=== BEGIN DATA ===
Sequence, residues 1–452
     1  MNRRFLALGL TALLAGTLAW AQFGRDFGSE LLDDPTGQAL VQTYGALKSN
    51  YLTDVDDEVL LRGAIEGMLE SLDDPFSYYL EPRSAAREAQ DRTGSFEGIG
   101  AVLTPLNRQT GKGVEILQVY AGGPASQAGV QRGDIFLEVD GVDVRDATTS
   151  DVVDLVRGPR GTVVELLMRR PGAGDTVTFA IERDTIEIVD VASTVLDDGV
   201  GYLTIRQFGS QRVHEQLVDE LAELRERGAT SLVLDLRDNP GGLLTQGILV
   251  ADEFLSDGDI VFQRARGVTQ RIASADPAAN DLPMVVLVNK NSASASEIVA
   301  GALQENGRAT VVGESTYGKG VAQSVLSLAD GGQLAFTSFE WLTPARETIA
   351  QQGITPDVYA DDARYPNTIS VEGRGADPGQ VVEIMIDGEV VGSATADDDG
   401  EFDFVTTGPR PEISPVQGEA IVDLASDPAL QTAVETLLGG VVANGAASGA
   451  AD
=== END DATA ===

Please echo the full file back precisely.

Sequence, residues 1–452
     1  MNRRFLALGL TALLAGTLAW AQFGRDFGSE LLDDPTGQAL VQTYGALKSN
    51  YLTDVDDEVL LRGAIEGMLE SLDDPFSYYL EPRSAAREAQ DRTGSFEGIG
   101  AVLTPLNRQT GKGVEILQVY AGGPASQAGV QRGDIFLEVD GVDVRDATTS
   151  DVVDLVRGPR GTVVELLMRR PGAGDTVTFA IERDTIEIVD VASTVLDDGV
   201  GYLTIRQFGS QRVHEQLVDE LAELRERGAT SLVLDLRDNP GGLLTQGILV
   251  ADEFLSDGDI VFQRARGVTQ RIASADPAAN DLPMVVLVNK NSASASEIVA
   301  GALQENGRAT VVGESTYGKG VAQSVLSLAD GGQLAFTSFE WLTPARETIA
   351  QQGITPDVYA DDARYPNTIS VEGRGADPGQ VVEIMIDGEV VGSATADDDG
   401  EFDFVTTGPR PEISPVQGEA IVDLASDPAL QTAVETLLGG VVANGAASGA
   451  AD